Chapter

Legal Pluralism and the Roman Empires

K Tuori

in Beyond Dogmatics

Published by Edinburgh University Press

Published in print May 2007 | ISBN: 9780748627936
Published online March 2012 | e-ISBN: 9780748651474 | DOI: http://dx.doi.org/10.3366/edinburgh/9780748627936.003.0015
Legal Pluralism and the Roman Empires

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The image of the Roman Empire has undergone a noticeable change over the last few decades. The unitary model of the Roman Empire, in which laws issued by the emperor were followed equally from Egypt to Spain after AD 212, has been crumbling. Instead of this model of a quasi-modern state, historical studies based on sources found in the provinces offer a model of a heterogeneous empire, in which local rules and customs are more prominent. This chapter seeks to offer some insights into the implication of this development, proceeding from a juxtaposition of contemporary studies through the concepts of centre and periphery, universalism and particularism. These concepts are then applied to the debate over the Constitutio Antoniniana, as is fitting to any discussion on the legal unification of the Roman Empire. Finally, it explores the contradictory tendencies of centralisation and disintegration apparent in the historical scholarship today.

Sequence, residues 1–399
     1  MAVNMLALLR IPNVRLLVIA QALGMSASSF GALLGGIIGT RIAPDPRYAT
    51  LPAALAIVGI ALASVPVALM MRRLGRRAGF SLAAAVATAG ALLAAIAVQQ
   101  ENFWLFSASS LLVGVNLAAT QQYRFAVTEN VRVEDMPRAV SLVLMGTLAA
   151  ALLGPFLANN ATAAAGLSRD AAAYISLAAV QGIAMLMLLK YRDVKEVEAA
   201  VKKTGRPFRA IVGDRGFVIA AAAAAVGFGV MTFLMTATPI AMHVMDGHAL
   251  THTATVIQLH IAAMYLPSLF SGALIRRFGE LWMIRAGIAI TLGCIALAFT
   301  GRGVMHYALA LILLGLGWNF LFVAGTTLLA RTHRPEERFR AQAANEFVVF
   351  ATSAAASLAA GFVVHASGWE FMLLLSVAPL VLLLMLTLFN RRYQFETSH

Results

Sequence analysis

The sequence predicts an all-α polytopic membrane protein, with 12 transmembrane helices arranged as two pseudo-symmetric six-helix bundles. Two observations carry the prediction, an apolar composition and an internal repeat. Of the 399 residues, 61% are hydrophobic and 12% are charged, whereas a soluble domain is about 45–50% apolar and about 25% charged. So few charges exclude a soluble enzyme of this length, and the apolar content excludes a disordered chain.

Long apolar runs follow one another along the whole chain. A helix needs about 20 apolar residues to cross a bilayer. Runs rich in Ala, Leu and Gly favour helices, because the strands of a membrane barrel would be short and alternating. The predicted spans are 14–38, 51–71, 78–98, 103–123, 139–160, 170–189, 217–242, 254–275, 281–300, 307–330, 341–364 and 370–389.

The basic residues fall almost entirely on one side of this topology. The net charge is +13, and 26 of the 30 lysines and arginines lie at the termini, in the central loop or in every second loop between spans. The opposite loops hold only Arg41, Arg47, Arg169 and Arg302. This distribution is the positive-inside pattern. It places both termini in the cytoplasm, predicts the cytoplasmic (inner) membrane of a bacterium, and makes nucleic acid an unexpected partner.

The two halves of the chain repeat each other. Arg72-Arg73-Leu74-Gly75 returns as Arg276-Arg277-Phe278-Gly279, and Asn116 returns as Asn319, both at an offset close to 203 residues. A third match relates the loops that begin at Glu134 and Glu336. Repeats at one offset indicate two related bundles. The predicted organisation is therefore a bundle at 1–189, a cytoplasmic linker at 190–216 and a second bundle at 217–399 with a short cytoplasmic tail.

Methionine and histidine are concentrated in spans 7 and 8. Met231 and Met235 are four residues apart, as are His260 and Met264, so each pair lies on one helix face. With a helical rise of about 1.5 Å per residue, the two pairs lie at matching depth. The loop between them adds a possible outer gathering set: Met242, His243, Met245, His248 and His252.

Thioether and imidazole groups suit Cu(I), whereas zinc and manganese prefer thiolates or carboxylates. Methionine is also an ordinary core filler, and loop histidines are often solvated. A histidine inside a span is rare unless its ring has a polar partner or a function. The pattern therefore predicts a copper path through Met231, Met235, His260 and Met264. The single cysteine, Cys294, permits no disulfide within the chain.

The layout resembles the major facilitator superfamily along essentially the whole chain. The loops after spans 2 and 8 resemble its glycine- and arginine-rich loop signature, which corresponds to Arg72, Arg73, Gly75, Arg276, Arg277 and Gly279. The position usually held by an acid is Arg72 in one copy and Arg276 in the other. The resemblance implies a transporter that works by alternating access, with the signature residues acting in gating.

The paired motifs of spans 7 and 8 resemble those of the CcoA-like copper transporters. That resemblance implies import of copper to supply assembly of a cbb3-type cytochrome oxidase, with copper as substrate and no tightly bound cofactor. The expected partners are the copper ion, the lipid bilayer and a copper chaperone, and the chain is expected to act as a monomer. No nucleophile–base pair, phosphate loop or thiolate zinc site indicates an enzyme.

Keywords: Roman Empire; Roman law; heterogeneous empire; universalism; particularism; Constitutio Antoniniana

Chapter.  6018 words. 

Subjects: History of Law

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